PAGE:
According to Mr. Allen:
This was a man [Ivan Cantu] who badly wanted to talk, who craves company more than almost anything else.
He said that this encounter with a complete stranger was the most exciting thing that had happened to him in ages.
Mr. Cantu was convicted of capital murder back in 2001 and sentenced to die. Last year he was within a month of being strapped down to the gurney at the Walls Unit in Huntsville before his execution was stayed.
Now I'm not here to discuss the facts of Mr. Cantu's case. I don't know anything more that what I heard on the radio and read in the article. My concern has to do with the manner in which we treat inmates such as Mr. Cantu.
The majority of men and women on our nation's death rows are guilty of murder. I don't think there's much question about that statement. But even the most despicable inmate deserves to be treated with at least a modicum of respect.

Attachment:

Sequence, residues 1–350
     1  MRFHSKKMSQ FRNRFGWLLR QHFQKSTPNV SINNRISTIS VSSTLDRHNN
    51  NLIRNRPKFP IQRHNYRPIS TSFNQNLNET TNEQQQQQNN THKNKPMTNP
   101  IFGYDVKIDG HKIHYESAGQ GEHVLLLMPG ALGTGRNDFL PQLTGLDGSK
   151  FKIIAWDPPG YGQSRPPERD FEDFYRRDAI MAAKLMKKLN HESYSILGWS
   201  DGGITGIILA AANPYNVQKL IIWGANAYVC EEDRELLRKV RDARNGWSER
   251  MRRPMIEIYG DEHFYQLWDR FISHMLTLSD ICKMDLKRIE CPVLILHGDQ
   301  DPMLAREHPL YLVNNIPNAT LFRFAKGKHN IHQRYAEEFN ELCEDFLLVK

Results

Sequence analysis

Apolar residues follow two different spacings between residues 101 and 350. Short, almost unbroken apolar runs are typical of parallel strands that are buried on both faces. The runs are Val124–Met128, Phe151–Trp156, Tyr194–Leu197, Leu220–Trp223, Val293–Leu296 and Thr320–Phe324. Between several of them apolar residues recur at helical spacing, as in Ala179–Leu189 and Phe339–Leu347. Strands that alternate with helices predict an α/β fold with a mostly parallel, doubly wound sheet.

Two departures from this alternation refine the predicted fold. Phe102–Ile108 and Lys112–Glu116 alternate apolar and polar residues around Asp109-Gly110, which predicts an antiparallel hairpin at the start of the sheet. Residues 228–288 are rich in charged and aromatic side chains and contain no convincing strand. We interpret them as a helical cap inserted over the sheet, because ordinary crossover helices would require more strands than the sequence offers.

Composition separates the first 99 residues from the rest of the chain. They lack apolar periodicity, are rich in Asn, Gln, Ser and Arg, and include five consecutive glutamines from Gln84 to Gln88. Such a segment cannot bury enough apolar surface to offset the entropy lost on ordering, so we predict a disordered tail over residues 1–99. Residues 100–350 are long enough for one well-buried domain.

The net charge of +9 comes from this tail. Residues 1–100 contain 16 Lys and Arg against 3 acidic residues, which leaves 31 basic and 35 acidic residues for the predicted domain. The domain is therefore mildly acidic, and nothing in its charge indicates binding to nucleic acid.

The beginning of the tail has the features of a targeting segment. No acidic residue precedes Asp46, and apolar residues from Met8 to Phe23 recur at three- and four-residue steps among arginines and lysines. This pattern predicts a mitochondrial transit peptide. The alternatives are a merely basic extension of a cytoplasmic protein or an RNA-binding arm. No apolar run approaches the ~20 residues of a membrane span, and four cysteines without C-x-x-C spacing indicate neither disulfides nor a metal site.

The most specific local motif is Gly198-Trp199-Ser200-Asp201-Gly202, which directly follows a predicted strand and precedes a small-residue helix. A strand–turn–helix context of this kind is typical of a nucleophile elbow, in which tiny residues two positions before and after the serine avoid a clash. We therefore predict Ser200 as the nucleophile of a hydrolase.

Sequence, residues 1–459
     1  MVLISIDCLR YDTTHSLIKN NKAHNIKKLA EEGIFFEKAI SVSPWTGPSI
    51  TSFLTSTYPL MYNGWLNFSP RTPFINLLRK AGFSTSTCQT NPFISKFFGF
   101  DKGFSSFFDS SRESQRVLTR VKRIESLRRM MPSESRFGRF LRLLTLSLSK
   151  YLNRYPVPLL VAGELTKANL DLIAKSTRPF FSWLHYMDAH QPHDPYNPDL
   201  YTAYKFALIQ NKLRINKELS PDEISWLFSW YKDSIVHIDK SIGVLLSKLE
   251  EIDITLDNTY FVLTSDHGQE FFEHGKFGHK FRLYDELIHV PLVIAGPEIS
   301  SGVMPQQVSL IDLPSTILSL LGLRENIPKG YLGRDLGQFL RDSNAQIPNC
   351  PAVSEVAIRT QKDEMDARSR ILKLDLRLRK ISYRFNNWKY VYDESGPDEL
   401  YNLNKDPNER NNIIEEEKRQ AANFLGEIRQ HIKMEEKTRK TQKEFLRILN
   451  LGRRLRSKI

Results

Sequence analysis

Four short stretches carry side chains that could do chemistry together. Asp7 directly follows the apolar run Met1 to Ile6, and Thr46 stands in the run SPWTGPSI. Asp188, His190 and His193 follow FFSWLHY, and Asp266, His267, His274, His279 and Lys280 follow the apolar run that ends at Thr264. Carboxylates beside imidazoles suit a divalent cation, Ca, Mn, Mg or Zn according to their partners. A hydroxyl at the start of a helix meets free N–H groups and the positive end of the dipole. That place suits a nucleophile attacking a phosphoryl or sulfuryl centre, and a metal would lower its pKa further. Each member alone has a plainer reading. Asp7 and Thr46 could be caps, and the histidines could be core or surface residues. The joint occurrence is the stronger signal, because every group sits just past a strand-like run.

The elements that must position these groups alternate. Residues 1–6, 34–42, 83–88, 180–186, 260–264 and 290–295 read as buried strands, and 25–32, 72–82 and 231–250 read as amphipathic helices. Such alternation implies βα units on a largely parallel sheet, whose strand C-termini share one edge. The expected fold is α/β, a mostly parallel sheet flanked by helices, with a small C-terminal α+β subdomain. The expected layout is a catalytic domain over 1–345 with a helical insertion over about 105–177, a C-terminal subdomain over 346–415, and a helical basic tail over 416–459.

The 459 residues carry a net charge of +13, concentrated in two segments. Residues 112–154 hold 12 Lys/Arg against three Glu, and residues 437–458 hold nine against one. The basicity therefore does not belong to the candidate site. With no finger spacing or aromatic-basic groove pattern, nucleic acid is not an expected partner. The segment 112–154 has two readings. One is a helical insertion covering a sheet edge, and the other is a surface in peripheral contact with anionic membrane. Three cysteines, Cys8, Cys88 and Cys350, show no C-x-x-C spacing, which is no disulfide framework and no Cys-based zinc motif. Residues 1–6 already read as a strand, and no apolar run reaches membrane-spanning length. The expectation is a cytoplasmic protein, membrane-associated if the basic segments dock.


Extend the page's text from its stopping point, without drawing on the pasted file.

He is an articulate man, but he said something I had never heard before: the longer he stays on death row, the harder he finds it to express himself.
For all his voracious reading, the lack of regular conversation, he feels, is eroding his power to communicate.
As Mr. Allen points out, the walls of the Polunsky Unit are grey and brown, the uniforms white and the windows (actually more slit than window) are covered in dirt and grime. The inmates on death row are locked in their cells for 22 hours a day. They are all held in solitary confinement. They have access to reading materials, radios and typewriters but no computers or televisions. Their days are devoid of any meaningful communication with another person.
And just as murdering an inmate doesn't bring his victim back to life or cure the gaping wounds left behind by violent crime, locking someone in a cage with human contact for 22 hours a day does nothing to relieve anyone's pain or loss.
Treating a man like a caged animal does neither the inmate nor society any good. We can certainly do better.